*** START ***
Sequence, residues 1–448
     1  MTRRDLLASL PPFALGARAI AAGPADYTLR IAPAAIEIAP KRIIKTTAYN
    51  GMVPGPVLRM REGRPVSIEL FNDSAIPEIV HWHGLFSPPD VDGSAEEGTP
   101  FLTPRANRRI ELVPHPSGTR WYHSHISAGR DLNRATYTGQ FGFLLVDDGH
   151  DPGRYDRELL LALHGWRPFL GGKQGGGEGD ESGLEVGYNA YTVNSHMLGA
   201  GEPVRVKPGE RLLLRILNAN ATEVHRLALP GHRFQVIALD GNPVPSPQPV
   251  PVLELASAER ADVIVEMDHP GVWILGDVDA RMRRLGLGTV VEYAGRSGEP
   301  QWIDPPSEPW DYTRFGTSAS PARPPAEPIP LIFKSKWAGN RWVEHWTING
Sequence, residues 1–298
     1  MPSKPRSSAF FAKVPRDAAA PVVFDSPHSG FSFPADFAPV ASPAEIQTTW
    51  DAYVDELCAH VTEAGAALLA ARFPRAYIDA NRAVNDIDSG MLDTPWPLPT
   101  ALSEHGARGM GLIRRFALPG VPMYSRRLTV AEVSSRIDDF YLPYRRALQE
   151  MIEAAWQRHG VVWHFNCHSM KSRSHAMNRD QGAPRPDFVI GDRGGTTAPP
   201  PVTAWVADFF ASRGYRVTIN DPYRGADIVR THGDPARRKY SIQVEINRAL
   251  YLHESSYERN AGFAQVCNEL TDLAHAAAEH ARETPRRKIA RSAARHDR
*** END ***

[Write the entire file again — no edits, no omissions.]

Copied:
Sequence, residues 1–448
     1  MTRRDLLASL PPFALGARAI AAGPADYTLR IAPAAIEIAP KRIIKTTAYN
    51  GMVPGPVLRM REGRPVSIEL FNDSAIPEIV HWHGLFSPPD VDGSAEEGTP
   101  FLTPRANRRI ELVPHPSGTR WYHSHISAGR DLNRATYTGQ FGFLLVDDGH
   151  DPGRYDRELL LALHGWRPFL GGKQGGGEGD ESGLEVGYNA YTVNSHMLGA
   201  GEPVRVKPGE RLLLRILNAN ATEVHRLALP GHRFQVIALD GNPVPSPQPV
   251  PVLELASAER ADVIVEMDHP GVWILGDVDA RMRRLGLGTV VEYAGRSGEP
   301  QWIDPPSEPW DYTRFGTSAS PARPPAEPIP LIFKSKWAGN RWVEHWTING
Sequence, residues 1–298
     1  MPSKPRSSAF FAKVPRDAAA PVVFDSPHSG FSFPADFAPV ASPAEIQTTW
    51  DAYVDELCAH VTEAGAALLA ARFPRAYIDA NRAVNDIDSG MLDTPWPLPT
   101  ALSEHGARGM GLIRRFALPG VPMYSRRLTV AEVSSRIDDF YLPYRRALQE
   151  MIEAAWQRHG VVWHFNCHSM KSRSHAMNRD QGAPRPDFVI GDRGGTTAPP
   201  PVTAWVADFF ASRGYRVTIN DPYRGADIVR THGDPARRKY SIQVEINRAL
   251  YLHESSYERN AGFAQVCNEL TDLAHAAAEH ARETPRRKIA RSAARHDR